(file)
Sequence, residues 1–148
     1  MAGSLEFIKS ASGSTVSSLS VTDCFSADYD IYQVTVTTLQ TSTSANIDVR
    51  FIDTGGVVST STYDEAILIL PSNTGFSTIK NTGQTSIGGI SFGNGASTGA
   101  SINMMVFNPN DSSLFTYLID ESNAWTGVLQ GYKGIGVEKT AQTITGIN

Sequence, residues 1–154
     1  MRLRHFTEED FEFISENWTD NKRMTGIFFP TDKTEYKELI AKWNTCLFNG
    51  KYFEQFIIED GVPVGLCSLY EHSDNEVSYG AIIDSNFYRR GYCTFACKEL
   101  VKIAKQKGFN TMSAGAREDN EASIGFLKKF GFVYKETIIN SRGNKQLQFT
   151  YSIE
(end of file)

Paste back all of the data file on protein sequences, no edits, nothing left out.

Sequence, residues 1–148
     1  MAGSLEFIKS ASGSTVSSLS VTDCFSADYD IYQVTVTTLQ TSTSANIDVR
    51  FIDTGGVVST STYDEAILIL PSNTGFSTIK NTGQTSIGGI SFGNGASTGA
   101  SINMMVFNPN DSSLFTYLID ESNAWTGVLQ GYKGIGVEKT AQTITGIN

Sequence, residues 1–154
     1  MRLRHFTEED FEFISENWTD NKRMTGIFFP TDKTEYKELI AKWNTCLFNG
    51  KYFEQFIIED GVPVGLCSLY EHSDNEVSYG AIIDSNFYRR GYCTFACKEL
   101  VKIAKQKGFN TMSAGAREDN EASIGFLKKF GFVYKETIIN SRGNKQLQFT
   151  YSIE